Two joystics at the same time


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piotr_styrkowiec
piotr_styrkowiec
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Hello


I would like to use two joysticks at once, this is one for the left hand and the other one for the right hand in one experiment.


I would like to have following set of right and wrong responses: with the left joystick forward - correct, back - incorrect; with the right joystick forward - incorrect, back - correct. This of course would go for one task, this is one stimulus on the screen and responses as just described.


How should I code this?


How should I label these two joysticks as two input devices? They will use two different USB com ports.


Please somebody help me.


Will be very grateful for any info.


piotr


Dave
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AFAIK, Inquisit isn't able to do this natively, i.e. it doesn't expose any means to differentiate between the two connected joysticks and will effectively treat response as if they came from a single device. Two possible solutions come to mind:


(1) Consolidate the two joysticks into a single device at the hardware level (much like http://brm.psychonomic-journals.org/content/39/4/797.full.pdf). Will require at least basic understanding of electronics and soldering skills.


(2) Consolidate the two joysticks into a single device at the software level. I.e. use a virtual driver such as GlovePie to map the inputs from both joysticks to a single virtual device. Not sure if this will work, but should be worth a shot.


Regards,


~Dave


piotr_styrkowiec
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Though I
know how to solder thankfully I didn’t have to study electronics. It’s working
pretty well with GlovePIE. Thanks a lot for advice Dave! I only wonder whether
that app adds a significant delay to the recorded RTs, this is if the responses
are stored longer in the buffer before proceeding to the CPU. Hope it’s not
working this way.  


Dave
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Hi Piotr,


thanks for reporting back. I'm glad using GlovePie seems to do the trick for you. Here are a couple of additional remarks:


I only wonder whether
that app adds a significant delay to the recorded RTs, this is if the responses
are stored longer in the buffer before proceeding to the CPU.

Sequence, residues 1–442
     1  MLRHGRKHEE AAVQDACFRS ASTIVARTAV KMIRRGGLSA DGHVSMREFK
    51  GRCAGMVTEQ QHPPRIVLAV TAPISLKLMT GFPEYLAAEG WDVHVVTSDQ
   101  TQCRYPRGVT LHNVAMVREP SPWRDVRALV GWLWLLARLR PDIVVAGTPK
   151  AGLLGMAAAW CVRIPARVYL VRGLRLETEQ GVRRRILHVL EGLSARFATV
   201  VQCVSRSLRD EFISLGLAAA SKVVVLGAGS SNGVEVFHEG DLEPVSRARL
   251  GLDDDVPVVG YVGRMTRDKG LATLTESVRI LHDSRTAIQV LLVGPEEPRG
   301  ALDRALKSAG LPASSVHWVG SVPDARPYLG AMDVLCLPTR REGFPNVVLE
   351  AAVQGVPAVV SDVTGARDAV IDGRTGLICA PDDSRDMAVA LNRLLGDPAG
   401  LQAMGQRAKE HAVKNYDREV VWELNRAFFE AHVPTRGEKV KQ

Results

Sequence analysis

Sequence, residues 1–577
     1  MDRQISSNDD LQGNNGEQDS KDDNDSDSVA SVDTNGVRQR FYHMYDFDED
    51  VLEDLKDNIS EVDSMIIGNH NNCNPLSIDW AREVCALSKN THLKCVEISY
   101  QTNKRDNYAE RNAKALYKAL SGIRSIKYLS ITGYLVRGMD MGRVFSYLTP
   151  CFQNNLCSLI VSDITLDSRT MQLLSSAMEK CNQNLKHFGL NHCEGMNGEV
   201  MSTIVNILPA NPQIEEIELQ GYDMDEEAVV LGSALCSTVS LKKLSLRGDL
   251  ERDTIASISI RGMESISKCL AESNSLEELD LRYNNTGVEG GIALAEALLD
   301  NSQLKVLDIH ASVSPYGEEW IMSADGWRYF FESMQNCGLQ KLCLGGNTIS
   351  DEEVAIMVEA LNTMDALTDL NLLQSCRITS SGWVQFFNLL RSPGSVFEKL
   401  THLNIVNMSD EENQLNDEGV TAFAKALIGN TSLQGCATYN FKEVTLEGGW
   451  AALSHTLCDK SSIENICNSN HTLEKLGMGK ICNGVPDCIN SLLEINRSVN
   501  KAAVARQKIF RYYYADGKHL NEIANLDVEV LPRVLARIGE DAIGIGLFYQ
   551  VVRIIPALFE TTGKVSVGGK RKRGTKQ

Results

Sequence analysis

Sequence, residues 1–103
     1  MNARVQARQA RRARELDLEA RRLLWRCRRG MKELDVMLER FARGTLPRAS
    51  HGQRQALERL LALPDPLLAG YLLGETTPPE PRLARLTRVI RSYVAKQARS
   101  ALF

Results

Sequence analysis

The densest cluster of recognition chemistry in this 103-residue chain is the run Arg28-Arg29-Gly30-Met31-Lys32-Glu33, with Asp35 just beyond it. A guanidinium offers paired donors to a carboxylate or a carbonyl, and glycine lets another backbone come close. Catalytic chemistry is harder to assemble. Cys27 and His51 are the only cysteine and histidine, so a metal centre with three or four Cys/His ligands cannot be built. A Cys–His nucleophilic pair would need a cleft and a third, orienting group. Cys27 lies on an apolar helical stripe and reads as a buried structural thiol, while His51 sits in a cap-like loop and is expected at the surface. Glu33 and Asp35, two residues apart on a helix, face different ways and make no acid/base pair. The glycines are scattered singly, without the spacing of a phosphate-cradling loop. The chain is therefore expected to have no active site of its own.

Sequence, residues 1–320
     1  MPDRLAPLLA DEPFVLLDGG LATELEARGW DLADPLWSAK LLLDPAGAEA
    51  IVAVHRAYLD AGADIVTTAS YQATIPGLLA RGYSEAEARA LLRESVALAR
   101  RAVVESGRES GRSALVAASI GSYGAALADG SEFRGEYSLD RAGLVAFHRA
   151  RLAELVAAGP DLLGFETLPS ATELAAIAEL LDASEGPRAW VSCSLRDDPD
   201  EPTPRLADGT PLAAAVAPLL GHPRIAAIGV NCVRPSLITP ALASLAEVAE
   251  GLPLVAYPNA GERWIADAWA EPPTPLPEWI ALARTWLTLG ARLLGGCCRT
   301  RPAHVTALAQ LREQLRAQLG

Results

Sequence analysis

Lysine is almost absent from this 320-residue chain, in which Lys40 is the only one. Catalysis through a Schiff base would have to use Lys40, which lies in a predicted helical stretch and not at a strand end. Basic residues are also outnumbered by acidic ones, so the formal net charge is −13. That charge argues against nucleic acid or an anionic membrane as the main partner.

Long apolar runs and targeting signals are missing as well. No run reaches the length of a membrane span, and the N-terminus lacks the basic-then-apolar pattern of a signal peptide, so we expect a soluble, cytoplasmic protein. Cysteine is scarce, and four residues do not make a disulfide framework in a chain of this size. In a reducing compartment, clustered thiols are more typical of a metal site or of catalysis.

(1) Even if this were the case, it usually doesn't matter. In your typical within-subjects design, trials of *all* conditions would be affected equally by the potential  delay, leading only to a shift of the RT mean. The *difference* between mean RTs for the various conditions however will be unaffected, i.e., mRT1-mRT2=200ms, regardless of whether mRT1=600 and mRT2=400 or mRT1=630 and mRT=430. In Psychology, researchers are usually not interested in *absolute* RTs, but in the difference between RTs.


(2) You can effectively test for any delays introduced by GlovePie by first running the task with a single joystick (i.e., sans GlovePie) and then with the "virtual" device (i.e., with GlovePie). Then look for systematic differences in RT data for the two runs.


(3) It would be nice if you could outline the necessary configuration steps, etc. for GlovePie here. I'm sure other users wanting to do something similar would greatly appreciate it.


Thanks,


~Dave


piotr_styrkowiec
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You're right with the case of RTs - we are interested in defferences not in absolute RTs.


In respect to 'outline of the necessary configuration'. I'll do it with pleasure though please tell me what do mean exactly by that - I've never written sth like that.


piotr


Dave
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In respect to 'outline of the necessary configuration'. I'll do it with pleasure though please tell me what do mean exactly by that - I've never written sth like that.


It would be great if you could describe your GlovePie settings as well as the GlovePie script responsible for the input mapping and the related Inquisit settings (inputdevice, etc.). If there are any typical pitfalls you encountered while you worked this out, it would be nice if you could mention these, too. Maybe you can even attach a small Inquisit script and the corresponding GlovePie script to this thread (see the 'Options' tab when posting a reply).  Basically, just tell us what you had to do to get this working.